Table 2: Category level analysis of PSBs

Unit Category 1 Category 2a Category 2b Category 3
(T1 ≥ 7%) (3.5% ≤T1 ≤ 7%) (0% ≤ T1 ≤ 3.5%) (T1 ≤ 0%)

Number of banks 2 7 8 4
Banks in RBI-PCA - 1 6 4
Names of banks SBI, Vijaya Bank, BoB, Allahabad Bank, Andhra Bank, IDBI Bank, IOB,
Indian Bank Syndicate Bank, OBC, UCO Bank, J&K Bank. Dena Bank
Union Bank of India, Central Bank, Corporation Bank, United Bank of India
BoI, PNB, Canara Bank Bank of Maharashtra

Sept-17 performance
Stressed advances/Total advances % 11.5 13.8 18.5 28.4
PCR % 39.8 38.5 38.1 34.3
T1 CAR % 11.1 9.2 8.1 8.5
H1 Net Profit Rs. trillion 0.04 0.01 -0.06 -0.04
Additional T1 capital needed* Rs. trillion - 0.07 0.22 0.10

At PCR of 70%
T1 CAR (without capital infusion) % 7.7 4.6 2.1 -0.9
Additional T1 capital needed** (A) Rs. trillion 0.4 1.0 0.8 0.6
Share of additional capital % 14 37 29 20

Phase I capital infusion
Allocation (B) Rs. trillion 0.09 0.35 0.24 0.21
Allocation/Requirement (B/A) % 24 32 29 40
PCR after Phase 1 allocation % 43.5 46.7 42.3 45.1

Source: Authors' estimates; Q2 analysts' presentations of
PSBs
* To bring T1 CAR to 9.5%, at a existing level of
PCR.
** To bring T1 CAR to 9.5%, at a PCR of 70%.

We find that banks in categories 2 and 3 are short of their Tier 1 capital requirement even today. They need around Rs. 0.39 trillion of additional capital in FY 18-19 just to meet the regulatory requirement of 9.5% Tier 1 capital, with no improvement in their PCR. The 12 most stressed banks, those in categories 2b and 3 need close to 80% of this additional capital.

Unless the most stressed banks get additional capital, they will not have the ability to take the haircuts that the IBC outcomes will require them to take. Most stressed corporate loans are through lending consortia which include both the less stressed and the highly stressed PSBs as members. If these weak banks do not receive capital, they will stall the IBC resolution process, thereby affecting the recovery from stressed assets for all banks involved.

Since the most stressed banks are also the ones incurring losses, over time their capital position will worsen. The first phase of capital allocation reflects this reality and allocates the largest share to these banks.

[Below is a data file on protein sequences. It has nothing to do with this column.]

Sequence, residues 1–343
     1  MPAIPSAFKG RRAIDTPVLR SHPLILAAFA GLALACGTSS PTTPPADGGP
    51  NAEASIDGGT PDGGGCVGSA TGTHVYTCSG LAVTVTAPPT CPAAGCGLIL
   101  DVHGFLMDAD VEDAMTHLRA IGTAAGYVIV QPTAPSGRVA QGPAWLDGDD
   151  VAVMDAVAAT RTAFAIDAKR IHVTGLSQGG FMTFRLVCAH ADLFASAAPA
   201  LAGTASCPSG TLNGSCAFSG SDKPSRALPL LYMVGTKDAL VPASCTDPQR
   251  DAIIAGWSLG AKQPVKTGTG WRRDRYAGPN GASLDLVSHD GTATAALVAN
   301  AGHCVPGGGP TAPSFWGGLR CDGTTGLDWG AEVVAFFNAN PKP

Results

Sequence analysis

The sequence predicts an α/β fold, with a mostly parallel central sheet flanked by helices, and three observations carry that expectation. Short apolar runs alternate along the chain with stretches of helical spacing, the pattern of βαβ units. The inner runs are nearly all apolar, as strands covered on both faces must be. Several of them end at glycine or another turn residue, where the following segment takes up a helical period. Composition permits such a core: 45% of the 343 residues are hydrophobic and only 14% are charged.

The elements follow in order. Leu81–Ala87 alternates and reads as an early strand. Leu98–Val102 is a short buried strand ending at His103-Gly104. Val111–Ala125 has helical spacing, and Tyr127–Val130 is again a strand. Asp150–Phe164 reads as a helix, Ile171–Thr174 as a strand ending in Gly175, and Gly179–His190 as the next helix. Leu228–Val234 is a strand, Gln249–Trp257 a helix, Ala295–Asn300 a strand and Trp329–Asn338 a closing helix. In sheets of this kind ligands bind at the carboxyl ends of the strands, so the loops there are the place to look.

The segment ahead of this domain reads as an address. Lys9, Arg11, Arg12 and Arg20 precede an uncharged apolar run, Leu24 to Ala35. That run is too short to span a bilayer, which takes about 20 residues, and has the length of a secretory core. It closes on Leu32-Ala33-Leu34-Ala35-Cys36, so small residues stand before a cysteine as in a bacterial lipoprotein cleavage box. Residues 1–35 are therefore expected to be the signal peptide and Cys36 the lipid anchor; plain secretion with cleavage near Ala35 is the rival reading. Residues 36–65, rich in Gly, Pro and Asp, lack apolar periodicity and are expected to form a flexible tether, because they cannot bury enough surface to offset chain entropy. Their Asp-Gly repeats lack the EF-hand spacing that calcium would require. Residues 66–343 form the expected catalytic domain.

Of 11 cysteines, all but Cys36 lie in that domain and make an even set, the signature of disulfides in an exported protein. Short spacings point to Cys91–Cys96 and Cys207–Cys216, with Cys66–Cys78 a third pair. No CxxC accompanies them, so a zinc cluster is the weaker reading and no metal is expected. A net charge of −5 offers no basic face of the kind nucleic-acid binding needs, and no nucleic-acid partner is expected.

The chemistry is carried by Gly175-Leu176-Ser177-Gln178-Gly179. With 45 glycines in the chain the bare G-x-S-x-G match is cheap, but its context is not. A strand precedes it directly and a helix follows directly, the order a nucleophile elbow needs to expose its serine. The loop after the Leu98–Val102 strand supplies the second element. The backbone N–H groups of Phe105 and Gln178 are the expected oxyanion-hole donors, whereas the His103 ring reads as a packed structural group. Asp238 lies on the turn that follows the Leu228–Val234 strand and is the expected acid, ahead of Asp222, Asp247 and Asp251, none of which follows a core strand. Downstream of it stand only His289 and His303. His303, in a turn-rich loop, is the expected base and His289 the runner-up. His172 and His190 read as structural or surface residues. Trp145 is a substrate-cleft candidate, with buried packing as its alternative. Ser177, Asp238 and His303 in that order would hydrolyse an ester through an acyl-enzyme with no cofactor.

With the Phase I infusion, after meeting the regulatory capital requirements, the overall PCR will increase from the Sept-17 level of 38% to 44.5%. Even at these levels, given that recovery rates are likely to be far lower, PSBs will remain significantly under provisioned.

Could the government have adopted an alternate, more growth oriented allocation strategy?

Not really. Capital for dealing with stress has to precede growth capital.

Table 2 highlights the challenge of allocating the recapitalisation amount among the 21 PSBs. All PSBs are stressed, some less and others more so. Even the relatively less stressed banks like SBI and Indian Bank will require capital infusion to shore up provisions to levels where they can deal with their stressed assets while meeting the regulatory capital requirement. As long as the aggregate supply of capital is less than the Rs. 2.8 trillion that is required (Table 1), there is no allocation scenario under which all PSBs will be able to meet their regulatory capital requirement and also grow their advances.

Within the constraint of the capital committed, we consider some scenarios to evaluate whether any alternate allocation strategies could have prioritised growth.

  1. Scenario 1: The entire Rs 0.8 trillion of capital is given to the two banks in category 1 and the less stressed banks in category 2a. The banks in categories 2b and 3 get nothing.

    Theoretically, this scenario can generate some credit growth. The trade-off being that the most stressed banks do not get any additional capital. In reality, this is not a scenario that the government can implement for various reasons:

    • There is a public perception problem. If the government chooses the less stressed banks over the highly stressed ones, it will push the ones that are not chosen into further distress. These stressed PSBs will not be able to raise capital from the market, sell their non-core assets at reasonable valuations, or make recoveries from their stressed assets. It is possible that such an action may cause panic among the investors and depositors of these banks.

    • The highly stressed PSBs, like other PSBs, have raised capital by issuing AT1 or T2 bonds. In most cases these bonds have also been subscribed to by foreign investors. For these banks, a fall in the level of capital below regulatory thresholds will tantamount to a technical default. Since PSBs are owned by the government, their bonds carry the implicit guarantee of the government. A technical default on these bonds would be equivalent to a sovereign default.

    • There is also a question whether some banks can be kept in a state of non-compliance with regulatory capital norms on an ongoing basis. This can only happen if the RBI relaxes its regulatory standards on a selective basis for the most stressed banks. Such an action would be undesirable, from the perspective of systemic risk, and macroeconomic stability.